In his last at-bat, Byrnes hit a little dribbler to the pitcher leading off the eighth to come up short of the second cycle of his career.
"I know that last time up, if he hit a ball in the gap, he wasn't going to be stopping at second base; I guarantee you that," manager Bob Melvin said. "Even if it was a single, he might not have stopped at second base. That's what he's given us all year is that kind of energy."
Besides the near cycle, Byrnes reached base seven consecutive times dating back to Tuesday night's game to tie a franchise record last accomplished by Alex Cintron in 2003.
"If I knew eight would have been a club record, I would have gone for that," Byrnes said. "I just hit a little groove."
Much like the rest of the year, Byrnes' bat set the tone for a D-backs attack that banged out seven runs on 15 hits. Arizona scored six runs on 10 hits in the five innings pitched by Tampa Bay starter James Shields (6-2), the most runs he's allowed in a start all season.
"Byrnsie is a big piece of our offense, and when he's going good, then usually we're all going good, because he's in that leadoff spot and he's always on base, and he's giving us opportunities behind him," said Chad Tracy, who joined Byrnes in hitting early three-run homers to help Arizona jump out to a 6-0 lead.
The D-backs scored 14 unanswered runs against the Devil Rays, counting Tuesday night's comeback from six runs down after jumping on Tampa Bay early.
Melvin said that the win helped his squad mentally on Wednesday with less than 10 hours between Tuesday night's victory, which lasted a season-long four hours and five minutes, and first pitch on Wednesday.
"You lose last night in that fashion, and then go out there against Shields today -- psychologically, it's a whole different ballgame today -- so that ended up being a huge win for us," Melvin said.
Micah Owings went home before Tuesday's game ended and came out sharp to begin Wednesday's contest.
He cruised through the first four innings, giving up one hit and striking out seven. After Akinori Iwamura advanced to third base with no outs in the third following an error, Owings struck out the Devil Rays' Nos. 2-4 hitters in order. He also stranded the leadoff hitter in the second at third base.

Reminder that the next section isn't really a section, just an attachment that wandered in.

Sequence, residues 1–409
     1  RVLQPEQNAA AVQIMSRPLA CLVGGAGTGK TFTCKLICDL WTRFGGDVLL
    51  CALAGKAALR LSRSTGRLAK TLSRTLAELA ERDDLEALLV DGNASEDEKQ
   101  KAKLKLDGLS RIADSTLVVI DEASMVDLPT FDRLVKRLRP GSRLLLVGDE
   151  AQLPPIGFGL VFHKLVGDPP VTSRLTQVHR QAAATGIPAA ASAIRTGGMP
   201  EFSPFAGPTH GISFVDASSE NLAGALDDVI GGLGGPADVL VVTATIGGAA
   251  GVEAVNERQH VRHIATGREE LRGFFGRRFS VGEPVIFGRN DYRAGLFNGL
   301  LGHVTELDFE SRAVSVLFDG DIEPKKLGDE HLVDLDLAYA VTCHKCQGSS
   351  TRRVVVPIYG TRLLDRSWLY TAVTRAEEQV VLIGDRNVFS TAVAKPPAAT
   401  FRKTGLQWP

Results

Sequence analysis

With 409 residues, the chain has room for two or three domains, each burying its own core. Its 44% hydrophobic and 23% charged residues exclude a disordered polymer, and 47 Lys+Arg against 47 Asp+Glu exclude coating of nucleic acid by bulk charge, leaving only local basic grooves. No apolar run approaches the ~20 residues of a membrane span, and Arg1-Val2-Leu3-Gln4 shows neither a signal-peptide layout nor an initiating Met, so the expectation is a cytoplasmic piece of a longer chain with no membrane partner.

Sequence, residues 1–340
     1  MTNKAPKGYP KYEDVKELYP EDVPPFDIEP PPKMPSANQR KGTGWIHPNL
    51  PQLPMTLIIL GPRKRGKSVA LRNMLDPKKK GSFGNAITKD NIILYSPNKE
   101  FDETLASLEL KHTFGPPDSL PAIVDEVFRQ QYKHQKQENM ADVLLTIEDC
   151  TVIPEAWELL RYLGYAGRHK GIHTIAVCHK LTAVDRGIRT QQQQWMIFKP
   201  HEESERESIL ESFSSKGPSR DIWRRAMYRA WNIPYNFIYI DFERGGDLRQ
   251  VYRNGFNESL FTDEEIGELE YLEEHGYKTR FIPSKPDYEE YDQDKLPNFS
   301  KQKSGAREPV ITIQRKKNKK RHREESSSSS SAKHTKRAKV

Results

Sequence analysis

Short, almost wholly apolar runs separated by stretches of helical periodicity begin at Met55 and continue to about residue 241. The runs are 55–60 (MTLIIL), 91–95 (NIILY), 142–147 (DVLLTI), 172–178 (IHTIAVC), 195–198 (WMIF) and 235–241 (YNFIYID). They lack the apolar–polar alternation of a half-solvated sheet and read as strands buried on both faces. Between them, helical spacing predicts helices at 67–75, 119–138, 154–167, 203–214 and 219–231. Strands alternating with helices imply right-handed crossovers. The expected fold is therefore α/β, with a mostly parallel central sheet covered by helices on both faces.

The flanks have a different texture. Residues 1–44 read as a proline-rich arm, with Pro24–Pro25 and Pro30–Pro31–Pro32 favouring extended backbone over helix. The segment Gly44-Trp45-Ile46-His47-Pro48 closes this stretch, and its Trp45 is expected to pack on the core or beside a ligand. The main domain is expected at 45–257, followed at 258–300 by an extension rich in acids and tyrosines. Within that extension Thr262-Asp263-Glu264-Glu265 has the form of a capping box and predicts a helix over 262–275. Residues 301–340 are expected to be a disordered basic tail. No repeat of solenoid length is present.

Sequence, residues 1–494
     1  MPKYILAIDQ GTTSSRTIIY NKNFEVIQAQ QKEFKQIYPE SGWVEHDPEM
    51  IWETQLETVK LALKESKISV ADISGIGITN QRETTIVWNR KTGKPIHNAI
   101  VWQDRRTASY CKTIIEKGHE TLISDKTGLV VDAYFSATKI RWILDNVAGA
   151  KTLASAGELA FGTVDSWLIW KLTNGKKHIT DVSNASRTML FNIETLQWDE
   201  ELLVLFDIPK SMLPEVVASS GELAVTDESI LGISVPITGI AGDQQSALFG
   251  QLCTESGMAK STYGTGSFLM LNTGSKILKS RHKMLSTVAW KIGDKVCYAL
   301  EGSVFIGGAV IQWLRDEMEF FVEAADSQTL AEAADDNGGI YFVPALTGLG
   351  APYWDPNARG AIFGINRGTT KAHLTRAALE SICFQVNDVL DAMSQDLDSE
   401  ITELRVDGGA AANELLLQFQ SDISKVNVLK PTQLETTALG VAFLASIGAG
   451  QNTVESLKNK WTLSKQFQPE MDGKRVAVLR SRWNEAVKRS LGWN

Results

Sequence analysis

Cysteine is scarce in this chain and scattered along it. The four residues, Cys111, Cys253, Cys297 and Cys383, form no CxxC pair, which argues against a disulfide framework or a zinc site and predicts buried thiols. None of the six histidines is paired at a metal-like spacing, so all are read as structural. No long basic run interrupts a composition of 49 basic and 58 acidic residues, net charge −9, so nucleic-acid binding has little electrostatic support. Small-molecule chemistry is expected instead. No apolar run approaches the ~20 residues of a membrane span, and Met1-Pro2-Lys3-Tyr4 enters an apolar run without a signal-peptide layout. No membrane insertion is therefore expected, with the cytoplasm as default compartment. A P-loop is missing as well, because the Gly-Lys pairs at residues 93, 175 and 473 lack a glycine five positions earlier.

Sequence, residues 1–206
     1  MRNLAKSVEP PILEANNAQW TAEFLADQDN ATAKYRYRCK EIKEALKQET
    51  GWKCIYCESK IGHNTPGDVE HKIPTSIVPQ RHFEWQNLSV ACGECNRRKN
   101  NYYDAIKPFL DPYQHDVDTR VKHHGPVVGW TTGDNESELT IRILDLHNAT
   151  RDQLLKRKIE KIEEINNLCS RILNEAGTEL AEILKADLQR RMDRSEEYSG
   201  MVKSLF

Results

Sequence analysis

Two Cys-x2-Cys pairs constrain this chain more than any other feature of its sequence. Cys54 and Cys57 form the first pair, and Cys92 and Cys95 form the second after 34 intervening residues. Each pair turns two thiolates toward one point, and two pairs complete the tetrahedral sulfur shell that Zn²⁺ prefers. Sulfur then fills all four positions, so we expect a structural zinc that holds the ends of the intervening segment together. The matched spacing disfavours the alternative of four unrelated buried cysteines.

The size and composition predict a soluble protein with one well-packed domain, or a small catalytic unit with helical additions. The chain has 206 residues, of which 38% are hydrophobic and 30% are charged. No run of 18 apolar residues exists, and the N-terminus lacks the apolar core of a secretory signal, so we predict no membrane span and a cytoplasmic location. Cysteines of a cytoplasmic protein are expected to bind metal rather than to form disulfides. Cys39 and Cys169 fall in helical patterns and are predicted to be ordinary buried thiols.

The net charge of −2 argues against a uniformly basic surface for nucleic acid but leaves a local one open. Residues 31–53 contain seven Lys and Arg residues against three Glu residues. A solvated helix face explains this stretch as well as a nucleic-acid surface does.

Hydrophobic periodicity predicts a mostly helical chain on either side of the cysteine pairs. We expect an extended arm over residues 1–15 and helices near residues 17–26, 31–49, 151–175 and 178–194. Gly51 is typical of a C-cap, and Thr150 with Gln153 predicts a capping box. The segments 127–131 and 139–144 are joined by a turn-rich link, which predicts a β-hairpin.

"It's huge," Melvin said. "That's the kind of guy he is. His stuff is good, and it seems to elevate when he needs to make a pitch. The velocity will go up, the tenacity of each pitch will be a little bit better. That's just the way he is, that's just the way he's built, and it showed up that [third] inning, big time."
Owings struggled thereafter, allowing four runs on seven hits in the final 1 2/3 frames of his outing. The four earned runs he allowed in 5 2/3 innings marked only the second time he has given up that many this season.
Still, with the offense's support, Owings (5-1) earned the victory.
"I'm just trying to keep the team in a position to win the game," Owings said. "I felt real good out of the chute, fresh early on, and then not as sharp toward the end as I would have liked to have been."
When Owings departed with a 6-4 lead, the bullpen shut the door for the second straight game. A day after the bullpen held Tampa Bay hitless over the final five innings to allow an Arizona comeback to materialize, the bullpen gave up one hit over the final 3 1/3 innings to prevent a similar Devil Rays comeback from six down.
Setup men Tony Pena and Brandon Lyon were in the middle of it for the second straight game, combining for 2 1/3 scoreless innings a day after throwing three perfect innings of relief together.
"Those guys are huge for us," Melvin said. "We feel like if we can get the ball in those guys' hands leading up to [Jose] Valverde, we have a good chance to win."
Valverde finished the game off with his 23rd save in 26 chances. The save tied Matt Mantei's all-time franchise record with 74 for his D-backs career.
At the end of the day, Arizona found a way to take another series and win five of six overall against American League East teams, after losing five of six to New York and Boston to start Interleague Play. Melvin attributed that in part to doing a better job grinding out at-bats to make the pitcher work harder.
"All those things end up being factors when you get deeper in the game," Melvin said. "That's what the Yankees do, that's what the Red Sox do. It may not show up in the early innings, but at the end it ends up showing up, and that's the type of team we envision being, and I think we're working toward that."